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Business Education Dual degrees hit the right note for business-minded musicians

Saxophonist Hugh Hunt is a Memorial University music student who's excited by the university's plan to create a dual music-business degree.

Rich Blenkinsopp

When saxophone player Hugh Hunt decided to study at Memorial University last fall, he could choose between undergraduate degree programs in business or music, but not both.

“I was passionate about business and music and it was a really hard choice,” says the 18-year-old from Kingston, who has been playing his instrument for seven years.

Ultimately, he chose music. But next year, pending imminent approval from the Newfoundland and Labrador university’s governing board, Mr. Hunt will have an opportunity to earn degrees in music and business over five years, at least two years faster than if he took each program separately.

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The new option, with a January deadline for applications, is of “high interest,” says Mr. Hunt, who plays classical and jazz saxophone and is mulling his career choices.

“In the world of music now, it is very individual-based unless you get into an orchestra,” he says. “If I was to become a professional musician by playing a bunch of gigs, it would be a good thing to have an idea of how to communicate with people and manage the financials [of an entrepreneurial business].”

Memorial is set to join a growing list of universities adding joint degree programs for students to earn credentials in more than one discipline at once and, potentially, expand their career options.

At McGill University’s Schulich School of Music, for example, students interested in managing their professional careers can earn a minor in music entrepreneurship by taking courses at the university’s Desautels Faculty of Management.

In 2013, the University of Western Ontario’s Ivey Business School and Don Wright Faculty of Music teamed up on a five-year “combined degree” program. After two years of study, eligible undergraduates from three of 17 music faculty programs can transfer to Ivey for two years of business, with the fifth and final year a blend of courses from both disciplines. Currently, five Western students are on track to graduate with degrees in music and business next year.

“From a learning outcome [perspective], we were interested in enhancing the transferrable skills and basic knowledge of interdisciplinary approaches to the study of music and another discipline,” says John Cuciurean, associate dean of undergraduate admissions and programs at Western’s music faculty. He added: “It was also an opportunity to tie into one of Western’s strategic mandate priorities – the development of interdisciplinary skill sets.”

While the proposed Memorial program integrates music and business courses from first year and Western students get their first taste of business school starting in second year, both universities share a similar philosophy of co-operation among faculties to expand the academic menu for students.

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“This joint degree with music gives us a blueprint to start and offer collaborations with other faculties,” says Isabelle Dostaler, dean of the faculty of business at St. John’s-based Memorial. She emphasizes that on-campus partnerships only work well when, as in this case, discipline-based faculties see value in working together.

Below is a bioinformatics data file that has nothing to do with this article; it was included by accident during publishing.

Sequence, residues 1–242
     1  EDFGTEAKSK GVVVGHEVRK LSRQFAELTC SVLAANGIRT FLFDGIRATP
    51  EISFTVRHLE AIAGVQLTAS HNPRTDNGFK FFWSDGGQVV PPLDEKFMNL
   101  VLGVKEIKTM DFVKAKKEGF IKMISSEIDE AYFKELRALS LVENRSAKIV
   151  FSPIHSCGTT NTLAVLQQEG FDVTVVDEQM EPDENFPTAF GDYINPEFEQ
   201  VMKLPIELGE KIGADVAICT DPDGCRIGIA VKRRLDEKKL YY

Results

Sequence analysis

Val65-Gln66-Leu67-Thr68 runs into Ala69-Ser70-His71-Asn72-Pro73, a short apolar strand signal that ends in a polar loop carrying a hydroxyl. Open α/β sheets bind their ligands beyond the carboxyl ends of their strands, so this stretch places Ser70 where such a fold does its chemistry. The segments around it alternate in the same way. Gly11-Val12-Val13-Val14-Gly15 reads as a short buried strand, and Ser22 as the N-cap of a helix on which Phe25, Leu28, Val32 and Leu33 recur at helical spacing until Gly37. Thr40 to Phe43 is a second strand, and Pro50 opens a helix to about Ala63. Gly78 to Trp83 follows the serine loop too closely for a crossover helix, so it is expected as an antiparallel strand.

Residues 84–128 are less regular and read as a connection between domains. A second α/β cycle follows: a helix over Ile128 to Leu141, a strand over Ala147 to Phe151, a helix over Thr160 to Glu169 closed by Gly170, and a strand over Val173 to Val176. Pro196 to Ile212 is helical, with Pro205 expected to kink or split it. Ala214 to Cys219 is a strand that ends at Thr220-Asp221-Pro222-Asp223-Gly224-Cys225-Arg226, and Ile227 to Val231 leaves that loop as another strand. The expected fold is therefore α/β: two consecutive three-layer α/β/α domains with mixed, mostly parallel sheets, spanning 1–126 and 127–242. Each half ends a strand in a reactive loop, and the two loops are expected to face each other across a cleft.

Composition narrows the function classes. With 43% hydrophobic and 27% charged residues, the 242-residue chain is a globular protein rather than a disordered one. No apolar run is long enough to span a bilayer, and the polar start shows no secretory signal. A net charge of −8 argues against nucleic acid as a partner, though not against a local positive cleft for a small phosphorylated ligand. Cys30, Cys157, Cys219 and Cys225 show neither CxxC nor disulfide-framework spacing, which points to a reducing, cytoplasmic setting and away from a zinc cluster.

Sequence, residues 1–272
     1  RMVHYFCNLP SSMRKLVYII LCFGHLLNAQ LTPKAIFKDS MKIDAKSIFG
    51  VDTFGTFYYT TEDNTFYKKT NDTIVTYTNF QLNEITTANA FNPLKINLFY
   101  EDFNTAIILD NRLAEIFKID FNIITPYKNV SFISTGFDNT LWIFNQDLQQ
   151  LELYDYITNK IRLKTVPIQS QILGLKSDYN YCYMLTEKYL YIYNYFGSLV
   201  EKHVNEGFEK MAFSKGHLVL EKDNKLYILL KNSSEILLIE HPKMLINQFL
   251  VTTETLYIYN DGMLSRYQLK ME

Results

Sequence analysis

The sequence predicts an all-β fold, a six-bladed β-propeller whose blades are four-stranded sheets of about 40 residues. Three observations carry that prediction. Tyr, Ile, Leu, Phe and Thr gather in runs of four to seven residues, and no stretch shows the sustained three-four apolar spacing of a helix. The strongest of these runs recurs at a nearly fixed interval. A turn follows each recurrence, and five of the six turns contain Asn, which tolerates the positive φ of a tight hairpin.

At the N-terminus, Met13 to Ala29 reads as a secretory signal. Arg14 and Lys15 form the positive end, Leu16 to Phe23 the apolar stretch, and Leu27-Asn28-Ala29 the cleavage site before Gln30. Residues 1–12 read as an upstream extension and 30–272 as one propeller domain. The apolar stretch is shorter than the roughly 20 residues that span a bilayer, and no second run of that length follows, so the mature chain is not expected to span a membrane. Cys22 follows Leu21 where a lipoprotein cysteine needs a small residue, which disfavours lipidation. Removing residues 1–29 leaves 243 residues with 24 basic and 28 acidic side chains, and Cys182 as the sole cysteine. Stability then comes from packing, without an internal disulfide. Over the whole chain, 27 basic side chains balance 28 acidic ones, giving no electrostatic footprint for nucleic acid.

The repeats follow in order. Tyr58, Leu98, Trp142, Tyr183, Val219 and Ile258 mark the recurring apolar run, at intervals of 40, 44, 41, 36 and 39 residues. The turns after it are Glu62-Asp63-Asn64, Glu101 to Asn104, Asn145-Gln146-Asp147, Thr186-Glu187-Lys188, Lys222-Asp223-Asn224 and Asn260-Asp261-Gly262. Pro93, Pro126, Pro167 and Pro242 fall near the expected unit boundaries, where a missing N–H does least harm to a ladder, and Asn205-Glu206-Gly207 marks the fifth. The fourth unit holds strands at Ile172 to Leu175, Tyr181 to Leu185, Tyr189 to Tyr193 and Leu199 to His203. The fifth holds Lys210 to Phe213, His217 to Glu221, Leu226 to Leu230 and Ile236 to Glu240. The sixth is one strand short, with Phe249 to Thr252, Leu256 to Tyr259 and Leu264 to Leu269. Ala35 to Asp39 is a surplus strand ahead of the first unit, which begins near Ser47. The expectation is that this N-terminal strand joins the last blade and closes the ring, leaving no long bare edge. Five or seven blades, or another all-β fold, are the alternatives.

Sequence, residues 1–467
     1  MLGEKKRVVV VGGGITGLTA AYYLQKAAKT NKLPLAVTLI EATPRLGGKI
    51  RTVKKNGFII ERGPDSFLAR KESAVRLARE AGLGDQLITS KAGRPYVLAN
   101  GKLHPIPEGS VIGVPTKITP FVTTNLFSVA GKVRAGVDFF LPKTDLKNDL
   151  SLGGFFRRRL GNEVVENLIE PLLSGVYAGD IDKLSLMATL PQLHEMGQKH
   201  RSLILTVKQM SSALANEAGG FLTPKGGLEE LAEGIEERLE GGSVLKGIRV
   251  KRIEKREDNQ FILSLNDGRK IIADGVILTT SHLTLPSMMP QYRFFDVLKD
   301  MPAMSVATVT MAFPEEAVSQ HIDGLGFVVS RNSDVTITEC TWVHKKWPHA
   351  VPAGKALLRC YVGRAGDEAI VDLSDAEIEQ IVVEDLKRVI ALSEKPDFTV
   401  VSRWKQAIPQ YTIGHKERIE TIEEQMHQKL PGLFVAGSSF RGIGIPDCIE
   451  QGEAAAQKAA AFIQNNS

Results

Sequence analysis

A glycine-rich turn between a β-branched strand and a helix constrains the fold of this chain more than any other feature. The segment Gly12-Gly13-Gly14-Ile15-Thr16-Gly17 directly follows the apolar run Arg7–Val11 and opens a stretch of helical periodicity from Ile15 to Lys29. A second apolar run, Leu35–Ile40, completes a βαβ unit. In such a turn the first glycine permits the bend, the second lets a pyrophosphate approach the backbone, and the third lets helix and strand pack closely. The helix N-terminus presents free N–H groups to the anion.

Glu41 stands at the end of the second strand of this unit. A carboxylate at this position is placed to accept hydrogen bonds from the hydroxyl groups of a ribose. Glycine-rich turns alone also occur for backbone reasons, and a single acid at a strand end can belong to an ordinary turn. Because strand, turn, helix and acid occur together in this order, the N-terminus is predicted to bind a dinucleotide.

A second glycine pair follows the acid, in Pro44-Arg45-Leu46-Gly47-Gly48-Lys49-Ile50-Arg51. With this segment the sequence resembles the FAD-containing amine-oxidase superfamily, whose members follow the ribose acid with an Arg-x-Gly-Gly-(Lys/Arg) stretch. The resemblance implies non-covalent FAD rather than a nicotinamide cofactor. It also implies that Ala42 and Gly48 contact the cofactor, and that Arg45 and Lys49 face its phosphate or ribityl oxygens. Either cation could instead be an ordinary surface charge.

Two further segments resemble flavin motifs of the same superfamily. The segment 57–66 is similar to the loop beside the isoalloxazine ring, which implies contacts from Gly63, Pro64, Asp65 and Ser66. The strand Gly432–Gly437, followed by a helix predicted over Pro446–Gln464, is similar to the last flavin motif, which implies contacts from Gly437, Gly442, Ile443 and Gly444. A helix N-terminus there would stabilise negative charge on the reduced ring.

“You need deans at the table who wish to work together and remove [any] roadblocks,” she says.

Shortly after her arrival at Memorial last year, she says she and music dean Ian Sutherland quickly identified opportunities for a “strategic partnership” between their faculties. “Ian and I are champions for more interdisciplinary programming at Memorial and higher education in general,” she says.

Program collaborations between music and business are, perhaps, a not-so unsurprising fit.

The music industry in Newfoundland and Labrador contributes $51.1-million to the provincial economy annually, according to a study earlier this year by music industry association MusicNL and accounting consultancy BDO Canada, which also estimated that sector-related job growth of 15.4 per cent since 2011 is more than double the national average of 6.2 per cent.

“We are hoping this [joint degree] program will contribute to the overall professionalization of the music industry in Newfoundland and Labrador by creating more people in arts administration, business management, “says Mr. Sutherland, who also sees the potential to recruit students from non-music professional careers, including business, medicine and law.

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Before taking up his deanship at Memorial in 2016, Dr. Sutherland, a trained musician and Newfoundland native, served an associate dean of research and director of PhD studies at the IEDC-Bled school of management in Slovenia. There, as part of his academic duties, he provided consulting advice to companies in Europe on human resources and leadership issues.

“HR directors talked about the kind of employees they wanted to hire – people who are creative, team players but who can also lead, are good listeners, have an extremely strong work ethic and are faster learners,” he says. “I would say [to them], ‘What you just described is a musician.’”

As for Mr. Hunt, the appeal of graduating with two degrees in five years is “big.”

He says a number of his friends have expressed interest in adding a business degree to their credentials.

“[For some] the back-up plan is a business degree,” he says. With Memorial’s pending joint degrees, he adds, “this doesn’t require us to make a compromise.”

Follow Jennifer Lewington on Twitter @JenLewington or contact her at

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